While there was talk last month about the Dodgers potentially being a player for Albert Pujols or Prince Fiedler this winter, it’s clear that’s not happening.
Sources told FOXSports.com that the Dodgers will enter 2012 with a payroll “well under” $100 million. The team opened 2011 with a $104.1 million payroll.
The moves the Dodgers have made to date support that assessment. The two-year deal given to Mark Ellis is structured so that he’ll receive $2.5 million next year and $5.25 million in 2013. Matt Kemp, who could have commanded as much as $16 million-$17 million in arbitration, will earn just $10 million next year as part of his eight-year, $160 million contract.
The FOXSports report goes on to state that the Dodgers have left enough flexibility in their budget to bring back both Andre Ethier and James Loney for what will be their final years of arbitration eligibility. The opportunity would be there for them to get both better and cheaper at first base, but Loney apparently was saved by his late-season surge.
As is, the Dodgers project to have just two standout regulars in Kemp and Ethier. Their lineup will probably look something like: SS Dee Gordon, 2B Ellis, CF Kemp, RF Ethier, LF Juan Rivera, 1B Loney, 3B Juan Uribe, C A.J. Ellis.
If this comes to pass as FOXSports expects, it will be the first time since 2006 that the Dodgers will open with a sub-$100 million payroll.
Former Mets pitcher Anthony Young died on Tuesday at the age of 51, the team said. Young was diagnosed with an inoperable brain tumor in February.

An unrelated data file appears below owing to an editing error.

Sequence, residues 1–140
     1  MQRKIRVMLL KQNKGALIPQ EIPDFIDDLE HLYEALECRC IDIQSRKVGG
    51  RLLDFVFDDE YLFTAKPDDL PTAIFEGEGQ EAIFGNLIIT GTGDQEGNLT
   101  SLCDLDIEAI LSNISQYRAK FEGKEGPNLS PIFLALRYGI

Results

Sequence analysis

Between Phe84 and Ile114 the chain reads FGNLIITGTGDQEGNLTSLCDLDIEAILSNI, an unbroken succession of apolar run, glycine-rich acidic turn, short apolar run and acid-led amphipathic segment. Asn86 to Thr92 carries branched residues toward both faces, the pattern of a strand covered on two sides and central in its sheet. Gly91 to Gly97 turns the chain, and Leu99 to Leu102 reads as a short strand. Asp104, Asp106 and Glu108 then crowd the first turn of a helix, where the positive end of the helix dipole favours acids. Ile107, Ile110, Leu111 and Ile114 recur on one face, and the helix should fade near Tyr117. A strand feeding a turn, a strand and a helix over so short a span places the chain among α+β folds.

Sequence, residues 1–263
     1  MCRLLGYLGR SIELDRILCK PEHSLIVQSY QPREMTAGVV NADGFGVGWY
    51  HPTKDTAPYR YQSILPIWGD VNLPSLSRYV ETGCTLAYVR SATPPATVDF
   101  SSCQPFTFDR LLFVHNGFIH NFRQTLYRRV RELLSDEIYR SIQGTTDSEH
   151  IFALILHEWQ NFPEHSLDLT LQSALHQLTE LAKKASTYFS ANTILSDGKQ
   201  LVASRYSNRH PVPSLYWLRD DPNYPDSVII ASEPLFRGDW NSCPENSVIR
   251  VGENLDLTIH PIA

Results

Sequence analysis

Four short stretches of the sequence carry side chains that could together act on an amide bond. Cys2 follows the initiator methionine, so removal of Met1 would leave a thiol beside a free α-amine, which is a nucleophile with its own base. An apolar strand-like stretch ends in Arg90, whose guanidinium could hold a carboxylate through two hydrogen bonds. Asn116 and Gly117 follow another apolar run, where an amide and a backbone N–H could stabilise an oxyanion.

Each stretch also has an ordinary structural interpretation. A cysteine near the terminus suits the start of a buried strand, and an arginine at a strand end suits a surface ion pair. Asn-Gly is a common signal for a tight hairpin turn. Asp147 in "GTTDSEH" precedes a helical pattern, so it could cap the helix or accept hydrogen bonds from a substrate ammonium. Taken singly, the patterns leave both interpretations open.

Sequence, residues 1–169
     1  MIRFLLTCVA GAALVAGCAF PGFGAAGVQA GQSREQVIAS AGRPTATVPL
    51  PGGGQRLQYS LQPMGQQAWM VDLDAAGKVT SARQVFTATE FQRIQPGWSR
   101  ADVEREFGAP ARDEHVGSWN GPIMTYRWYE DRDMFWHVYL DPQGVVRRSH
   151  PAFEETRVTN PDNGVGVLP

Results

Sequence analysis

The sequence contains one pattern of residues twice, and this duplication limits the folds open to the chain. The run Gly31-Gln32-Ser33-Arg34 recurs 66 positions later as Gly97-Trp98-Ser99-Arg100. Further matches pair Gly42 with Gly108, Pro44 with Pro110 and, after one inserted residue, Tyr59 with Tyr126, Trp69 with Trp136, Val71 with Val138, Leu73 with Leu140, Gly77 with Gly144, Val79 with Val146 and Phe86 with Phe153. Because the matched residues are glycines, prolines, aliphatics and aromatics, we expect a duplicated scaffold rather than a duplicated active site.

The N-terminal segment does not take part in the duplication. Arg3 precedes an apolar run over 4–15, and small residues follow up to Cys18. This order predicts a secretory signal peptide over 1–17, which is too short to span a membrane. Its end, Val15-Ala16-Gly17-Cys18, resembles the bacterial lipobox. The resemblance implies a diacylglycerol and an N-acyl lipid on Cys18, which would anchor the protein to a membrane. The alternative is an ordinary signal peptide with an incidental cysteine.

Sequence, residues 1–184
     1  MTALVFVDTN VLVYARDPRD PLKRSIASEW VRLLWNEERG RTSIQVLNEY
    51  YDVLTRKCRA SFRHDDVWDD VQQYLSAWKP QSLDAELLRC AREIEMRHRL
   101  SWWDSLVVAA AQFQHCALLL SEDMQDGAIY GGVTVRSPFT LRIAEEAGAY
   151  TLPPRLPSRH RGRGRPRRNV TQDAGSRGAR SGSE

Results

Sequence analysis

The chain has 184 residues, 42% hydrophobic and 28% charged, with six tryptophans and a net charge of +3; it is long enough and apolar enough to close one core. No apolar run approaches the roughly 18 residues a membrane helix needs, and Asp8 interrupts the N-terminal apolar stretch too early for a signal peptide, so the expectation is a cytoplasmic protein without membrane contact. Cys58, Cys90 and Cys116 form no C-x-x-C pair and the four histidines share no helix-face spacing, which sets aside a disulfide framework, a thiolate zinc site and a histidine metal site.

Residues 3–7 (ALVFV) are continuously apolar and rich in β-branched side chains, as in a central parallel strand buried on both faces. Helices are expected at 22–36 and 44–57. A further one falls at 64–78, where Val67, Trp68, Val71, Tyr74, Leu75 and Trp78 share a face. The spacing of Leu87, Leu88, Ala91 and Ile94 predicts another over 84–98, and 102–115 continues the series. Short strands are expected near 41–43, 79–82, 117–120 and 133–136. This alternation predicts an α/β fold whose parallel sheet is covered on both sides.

Young, 51, pitched parts of six seasons in the majors from 1991-96. He began his big league career with the Mets in 1991 and stayed with the team through ’93. He famously failed to win a game between April 24, 1992 and July 24, 1993. During that span of time, he went 0-27. It was a great example, even back then, of the uselessness of won-lost records. Young posted a respectable 4.17 ERA in ’92 and 3.77 in ’93.
Former pitcher Turk Wendell, who was Young’s teammate with the Cubs in 1994-95, called Young “a true gentleman.”
The Blue Jays announced on Tuesday that the club designated reliever Jason Grilli for assignment as part of a handful of roster moves. Outfielder Dwight Smith was optioned to Triple-A Buffalo, outfielder Ezequiel Carrera was activated from the 10-day disabled list, and pitcher Chris Smith was recalled from Buffalo as well.
Grilli, 40, struggled to a 6.97 ERA with a 23/9 K/BB ratio in 20 2/3 innings of work this season in Toronto. The right-hander similarly struggled in the first half last year with the Braves before being acquired by the Jays but Grilli’s role had diminished and most of the rest of the bullpen has been pulling its weight.
Grilli should draw some interest — perhaps from the Nationals — as his peripheral stats suggest he’s not nearly as bad as his ERA suggests.